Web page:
Before founding the company and publishing books, I confronted with some editors. I had friends who had self-produced editorial projects and I’d received feedback about the self-publishing I was about to commence - but there was the constant problem of a part of my work that I cannot do alone, as I take care of manifold tasks. So everything started when my colleague and co-founder Eleonora Matteazzi decided to embark on this project with me. As of now it takes a lot more dynamism in the business, and many traditional establishments like publishing companies do not allow this.
We are a very small business (there’s just three of us), and everything is developing. Once you take on too many projects, you jump right into the circuit of the publishing industry. Despite a moderate success, we are experiencing some difficulties at the moment, and we don’t want to succumb to over-ambitious projects. The idea is to go back to self-production and a particular vision of the publishing company and the photographic projects, intended as editorial projects with a fil rouge and a book series. Yes, that’s the idea: to make a book series.
How do you distribute your books?
It all happened very quickly. We distributed a lot at fairs, where bookshops saw our book and contacted us - and so we managed to build up a small network of bookshops. Currently I’m trying to figure out to what extend we shall proceed with a [single] distributor. For practical reasons and considering I’m now without Eleonora (she’s moved to Paris and she had to detach from the publishing company a little), I’ll probably rely on a distributor for extra-European countries, while I’ll keep managing the bookshop and the fairs myself.
Layout and editorial object create meaning per se. Unfolding the pages of Hidden Islam the reader “discovers” the secret places you identified almost “physically”. The other books of your publishing company have distinct peculiarities, too. Where does this great attention for the book generate?
These projects are born as books in themselves, therefore I need for the photo-book to bear a highly strong conceptual force. The way you hold it in your hands and read it, the way pages are browsed… It’s about aspects that make the book a necessary object to be printed - and which is not replaceable by iPads or similar reading devices yet.
With regards to Hidden Islam, the aesthetic and graphic part of the book and the 'mapping' had been clear in my mind since year one. As for the photographic part, I created a series of dummies over the years, and each of them ended up following a certain direction. When I reached the final idea of the pages unfolding, the whole project of the exteriors sprang up.
There was an aesthetic vision of what the book should have looked like - that is not a photo-book with the traditional portfolio style. I’ll say it was born organically - you photograph and draw, and gradually you understand what needs to be re-shot and re-drawn again.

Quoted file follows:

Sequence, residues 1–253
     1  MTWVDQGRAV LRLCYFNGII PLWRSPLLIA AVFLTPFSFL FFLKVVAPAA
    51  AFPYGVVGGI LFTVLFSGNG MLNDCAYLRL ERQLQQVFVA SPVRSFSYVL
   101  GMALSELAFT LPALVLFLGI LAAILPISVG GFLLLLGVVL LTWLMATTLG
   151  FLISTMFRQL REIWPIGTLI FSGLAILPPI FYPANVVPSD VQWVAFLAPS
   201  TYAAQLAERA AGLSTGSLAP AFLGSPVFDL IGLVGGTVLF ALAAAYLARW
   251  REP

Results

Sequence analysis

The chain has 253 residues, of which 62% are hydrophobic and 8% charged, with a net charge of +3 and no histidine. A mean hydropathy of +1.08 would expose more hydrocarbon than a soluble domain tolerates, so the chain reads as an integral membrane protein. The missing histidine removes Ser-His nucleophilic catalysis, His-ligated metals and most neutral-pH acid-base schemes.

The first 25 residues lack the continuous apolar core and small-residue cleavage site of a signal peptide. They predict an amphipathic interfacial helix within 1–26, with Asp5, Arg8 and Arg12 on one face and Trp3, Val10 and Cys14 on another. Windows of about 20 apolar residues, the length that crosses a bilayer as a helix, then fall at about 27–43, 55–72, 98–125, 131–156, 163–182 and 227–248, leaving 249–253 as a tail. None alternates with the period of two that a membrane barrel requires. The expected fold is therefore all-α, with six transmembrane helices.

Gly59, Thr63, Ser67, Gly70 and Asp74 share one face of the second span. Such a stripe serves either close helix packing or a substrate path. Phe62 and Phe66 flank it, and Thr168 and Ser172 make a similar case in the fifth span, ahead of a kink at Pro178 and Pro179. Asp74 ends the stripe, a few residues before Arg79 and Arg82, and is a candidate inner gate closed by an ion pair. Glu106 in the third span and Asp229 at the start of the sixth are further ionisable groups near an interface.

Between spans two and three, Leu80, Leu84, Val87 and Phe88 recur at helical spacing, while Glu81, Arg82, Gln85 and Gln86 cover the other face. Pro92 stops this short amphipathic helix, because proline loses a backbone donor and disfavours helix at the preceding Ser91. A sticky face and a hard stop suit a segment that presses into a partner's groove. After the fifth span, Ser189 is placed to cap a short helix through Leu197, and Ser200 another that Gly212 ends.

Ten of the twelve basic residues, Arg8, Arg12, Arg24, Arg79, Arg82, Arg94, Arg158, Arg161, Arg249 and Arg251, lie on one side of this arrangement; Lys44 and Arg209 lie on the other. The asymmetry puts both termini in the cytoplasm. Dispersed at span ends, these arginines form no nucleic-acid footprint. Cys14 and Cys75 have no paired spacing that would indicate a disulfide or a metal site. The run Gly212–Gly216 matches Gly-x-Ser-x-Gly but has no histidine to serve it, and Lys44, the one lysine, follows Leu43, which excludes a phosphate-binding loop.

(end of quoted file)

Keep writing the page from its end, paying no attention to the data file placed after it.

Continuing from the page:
The photos of the exteriors do not match those of the interiors at all times. The interior pictures were conceived as the idea for telling the inside of the community, whereas the photos of the exteriors represent a very rigorous mapping, and bear an equally rigorous vision of the whole subject matter. The lack of correspondence is also due to the fact that I didn’t gain access to all the venues - in some cases I didn’t even try to. I followed the community intensively for a number of years and eventually I reshot all the exteriors following the mapping I’d managed to create.
The very idea of the book (which I regard as one of its strong points) is to juxtapose two different photographic languages. I think of books in a very logical way, and they are to follow a strict logic: one of the aims was to hand the book to a given person without having them understand that there’s a book within the book. Therefore the layout and the use of different languages has helped to stimulate the interest to open the pages by creating a strong impact. There are two different conceptual paths, too: on one hand, there’s the report on the exteriors and the external part of the community with a rigorous methodology; on the other, on the inside of the community, there are more complexity, color and a different spiritual approach. The idea was to create a dialogue or a contraposition between these two realities, because that’s what the project is all about.
Rorhof’s latest publication is Hidden Islam - 479 Comments, an edit of the book comprising the debate that first came out in article from The Guardian. It’s the case of a photographic work that manages to influence social debate by providing sociological, anthropological and journalistic starting points. Did you imagine a reaction of this sort? Do you believe that photography can bring along social changes? What role can it play within the public debate?